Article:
Guest wrote:How can we use the idea of randomness with some simple rules of arithmetic to discover the two prime factors of 182,211,377,207?
Guest wrote:How can we use the idea of randomness with some simple rules of arithmetic to discover the two prime factors of 182,211,377,207?
Guest wrote:Hmm. Let's imagine we have a depth algorithm that solves the problem of finding the two unknown large prime factors of a known integer.
How does it work?
Suppose we want to factor a known 1000-digit integer, I, that we know is a product of two unknown large primes, p and q, each has 500 digits.
Hmm... (thinking)
Guest wrote:Suppose we are certain that we have computed correctly some digits of p and q based on I.
How reliable are our computations?
Remark: That is a difficult question!
Guest wrote:FYI: There are roughly [tex]7.8 * 10^{496}[/tex] prime candidates for q according to the Prime Number Theorem. And if we know q, then we can compute [tex]p = \frac{I}{q}[/tex].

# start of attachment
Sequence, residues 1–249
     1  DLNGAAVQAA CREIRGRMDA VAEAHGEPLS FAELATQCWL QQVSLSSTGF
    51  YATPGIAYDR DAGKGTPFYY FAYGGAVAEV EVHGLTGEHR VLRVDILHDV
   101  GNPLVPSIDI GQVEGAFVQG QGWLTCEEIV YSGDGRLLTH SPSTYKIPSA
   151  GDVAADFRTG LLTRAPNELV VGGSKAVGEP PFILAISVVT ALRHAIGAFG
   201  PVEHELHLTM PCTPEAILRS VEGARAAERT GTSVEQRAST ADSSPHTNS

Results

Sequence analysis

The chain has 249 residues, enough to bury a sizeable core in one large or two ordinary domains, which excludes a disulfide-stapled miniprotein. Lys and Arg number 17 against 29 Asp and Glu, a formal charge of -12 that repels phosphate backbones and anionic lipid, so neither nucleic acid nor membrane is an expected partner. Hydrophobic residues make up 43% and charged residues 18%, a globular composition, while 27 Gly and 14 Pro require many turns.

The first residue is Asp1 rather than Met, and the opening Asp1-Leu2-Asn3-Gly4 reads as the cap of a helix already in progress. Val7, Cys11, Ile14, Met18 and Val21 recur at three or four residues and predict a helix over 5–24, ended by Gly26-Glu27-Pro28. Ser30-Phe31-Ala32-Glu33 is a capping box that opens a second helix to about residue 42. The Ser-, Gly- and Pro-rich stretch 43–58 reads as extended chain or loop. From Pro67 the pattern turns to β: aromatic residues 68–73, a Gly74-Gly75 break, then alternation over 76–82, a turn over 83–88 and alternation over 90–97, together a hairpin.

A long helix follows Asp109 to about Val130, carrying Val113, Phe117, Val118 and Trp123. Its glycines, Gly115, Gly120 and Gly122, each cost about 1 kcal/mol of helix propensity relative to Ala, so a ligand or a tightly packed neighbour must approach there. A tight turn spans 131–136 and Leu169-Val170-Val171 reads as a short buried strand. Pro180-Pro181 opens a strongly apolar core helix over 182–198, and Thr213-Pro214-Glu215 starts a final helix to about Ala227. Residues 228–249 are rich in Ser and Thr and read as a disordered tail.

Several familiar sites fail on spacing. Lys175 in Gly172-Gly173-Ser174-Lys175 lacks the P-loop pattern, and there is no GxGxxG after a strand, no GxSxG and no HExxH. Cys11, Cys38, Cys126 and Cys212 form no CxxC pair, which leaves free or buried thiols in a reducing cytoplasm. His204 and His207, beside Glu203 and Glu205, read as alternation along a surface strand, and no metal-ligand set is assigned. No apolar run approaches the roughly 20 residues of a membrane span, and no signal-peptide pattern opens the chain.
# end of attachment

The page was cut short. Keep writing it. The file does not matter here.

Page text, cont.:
Relevant Reference Link:
https://www.wolframalpha.com/input/?i=%289.99+*10%5E999%29%5E.5%2Flog%28%289.99+*10%5E1000%29%5E.5%29+-+9.99*10%5E498%2Flog%289.99*10%5E498%29.
Guest wrote:Since [tex]I = p * q[/tex], we can randomly select a prime (a 500-digit integer), q, relatively close to [tex]\sqrt{I}[/tex].
Does q | I ?
Guest wrote:How do we manage to solve our problem in polynomial time?
It may require a sophisticated learning algorithm involving a neural network and some other tools. We're just beginning, and more resources/rules/results will come.
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